-László Kürti, “The Symbolic Construction of the Monstrous — The Elizabeth Bathory Story,” Croatian Journal Of Ethnology and Folklore Research, Jan. 2009

A few books about Erzsebet Bathory

To say nothing of the death porn (link not safe for work).

The noblewoman never faced an executioner herself, owing to her rank; she was shut up in the castle.

* As it turns out, a Bathory ancestor actually fought with the “original Dracula” Vlad the Impaler in the 15th century.

On this day..

Entry Filed under: 17th Century,Arts and Literature,Beheaded,Burned,Capital Punishment,Crime,Czechoslovakia,Death Penalty,Execution,Habsburg Realm,History,Hungary,Infamous,Language,Murder,Myths,Nobility,Not Executed,Popular Culture,Public Executions,Scandal,Serial Killers,Torture,Women

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9 thoughts on “1611: Three accomplices of Elizabeth Báthory, the Countless of Blood”

  1. Jim morrison says:

    I have written my own novel about the countess…and they weren’t accomplices of the countess. they acted on their own accord…if they acted at all…Nothing can be trusted back then…they were out to get her from the start…it was very obvious of their intentions…they didn’t find hundreds of bodies, like the legends say…they barely found anyone…and people died from diseases all the time back then…and it was those 4 not 3 servants that acted alone, while the countess wasn’t even there at the time…

  2. Dave says:

    Actually, there were 4 servants put on trial. But, from what I understand, only 3 were put to death, the 4th one was spared.

    I totally agree. This was one huge sham. The king wasn’t the only one who owed the countess’ family tons of money, many many others did as well. I believe there was something going on, murders, torture; But I don’t trust anything written back then. The countess was ultimately found responsible for her servants actions. she was their employer, therefore, she is responsible. So much just doesn’t make any sense.

    Why would she put these 4 servants in charge of other servants. A servant is a servant. What made these 4 special. While she was imprisoned in her castle, a minister came to hear her confessions. Obviously, she never admitted any wrong doing. She pointed out that the 4 servants acted of their own accord. She wrote so many letters, asking to be heard before the courts, but was never allowed to do so. Gee, I wonder why.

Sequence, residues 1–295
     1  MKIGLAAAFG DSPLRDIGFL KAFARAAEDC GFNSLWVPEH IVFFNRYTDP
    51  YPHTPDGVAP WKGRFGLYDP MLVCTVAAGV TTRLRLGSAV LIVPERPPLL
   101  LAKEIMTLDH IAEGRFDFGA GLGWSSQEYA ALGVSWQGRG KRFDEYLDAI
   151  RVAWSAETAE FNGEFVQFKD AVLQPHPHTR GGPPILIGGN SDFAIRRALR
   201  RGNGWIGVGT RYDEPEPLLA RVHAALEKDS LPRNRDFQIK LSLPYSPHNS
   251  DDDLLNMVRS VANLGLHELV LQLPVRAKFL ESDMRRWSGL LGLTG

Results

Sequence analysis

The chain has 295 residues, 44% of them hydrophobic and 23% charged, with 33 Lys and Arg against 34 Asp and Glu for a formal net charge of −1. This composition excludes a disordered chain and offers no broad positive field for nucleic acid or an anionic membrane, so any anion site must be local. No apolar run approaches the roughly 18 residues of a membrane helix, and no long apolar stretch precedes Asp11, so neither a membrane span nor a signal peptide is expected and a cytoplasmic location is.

3. Rachel says:

    There was never a log in her own hand. One of the women testifying said she saw a log. But none was ever presented or seen by anyone else. This whole thing is very similar to the Salem witch trials. 200-300 “witnesses” – everyone riled up into a state of frenzy. Never a trial. The king owed this woman so much money he couldn’t pay it. Hmmm. Convenient to get rid of her. What better way than to accuse her of witchcraft and murder.

    1. Jim morrison says:

      I just finished a novel about the countess. She was totally rail roaded from the start. She lived in a time where women were property, and she was the most powerful person there was. She was defiant in many ways, unafraid of men. The evidence against her is laughable at best. There were not hundreds of bodies found. They found 1 dead girl and another sick. You realize how many people died from disease back then? Everything about that case stinks. Stinks badly.

  4. Dave panzeri says:

    I firmly believe now stronger than ever, that this woman was 100% totally rail roaded. Those 3 servants were convicted and put to death, because they were the only who admitted to and actually caught in the act of torturing. The story of why would people go out of their way to snare the countess is complex. But plainly obvious to anyone who looks. She was a woman of vast power and extreme intelligence. IN a day where women were nothing but property, she ruled. Many of the people involved with bringing charges against her, owed her family vast sums of money. With her gone, not only would they not have to pay that money back, but would also get her land.

    There’s a huge reason why, she was never actually put on trial. They had no evidence against her. Imagine today, trying to prosecute someone solely based on the word of admitted killers, with all their testimony gotten from torture. Not too mention she was given no lawyer or even allowed to speak in her own defense. Why? They knew she would tear apart the so called evidence against her, so would any even half way decent lawyer. Don’t be fooled by the myths and legends surrounding her.

  5. Daphne says:

    This site is pretty awesome. I just found out about it a few days ago. Just pure awesome…